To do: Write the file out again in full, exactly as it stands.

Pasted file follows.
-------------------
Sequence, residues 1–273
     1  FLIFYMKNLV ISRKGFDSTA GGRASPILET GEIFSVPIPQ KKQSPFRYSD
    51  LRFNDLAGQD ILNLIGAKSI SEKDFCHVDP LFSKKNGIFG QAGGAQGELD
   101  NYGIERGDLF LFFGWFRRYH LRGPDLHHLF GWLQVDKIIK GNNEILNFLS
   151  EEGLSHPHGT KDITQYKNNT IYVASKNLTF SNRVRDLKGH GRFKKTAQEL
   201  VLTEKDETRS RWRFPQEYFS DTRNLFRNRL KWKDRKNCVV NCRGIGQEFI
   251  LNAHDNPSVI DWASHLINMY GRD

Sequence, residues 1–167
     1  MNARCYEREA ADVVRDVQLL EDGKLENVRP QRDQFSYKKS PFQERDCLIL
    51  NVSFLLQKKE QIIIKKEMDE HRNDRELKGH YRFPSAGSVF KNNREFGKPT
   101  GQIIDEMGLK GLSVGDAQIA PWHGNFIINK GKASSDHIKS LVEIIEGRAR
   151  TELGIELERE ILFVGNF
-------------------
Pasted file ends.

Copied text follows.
Sequence, residues 1–273
     1  FLIFYMKNLV ISRKGFDSTA GGRASPILET GEIFSVPIPQ KKQSPFRYSD
    51  LRFNDLAGQD ILNLIGAKSI SEKDFCHVDP LFSKKNGIFG QAGGAQGELD
   101  NYGIERGDLF LFFGWFRRYH LRGPDLHHLF GWLQVDKIIK GNNEILNFLS
   151  EEGLSHPHGT KDITQYKNNT IYVASKNLTF SNRVRDLKGH GRFKKTAQEL
   201  VLTEKDETRS RWRFPQEYFS DTRNLFRNRL KWKDRKNCVV NCRGIGQEFI
   251  LNAHDNPSVI DWASHLINMY GRD

Sequence, residues 1–167
     1  MNARCYEREA ADVVRDVQLL EDGKLENVRP QRDQFSYKKS PFQERDCLIL
    51  NVSFLLQKKE QIIIKKEMDE HRNDRELKGH YRFPSAGSVF KNNREFGKPT
   101  GQIIDEMGLK GLSVGDAQIA PWHGNFIINK GKASSDHIKS LVEIIEGRAR
   151  TELGIELERE ILFVGNF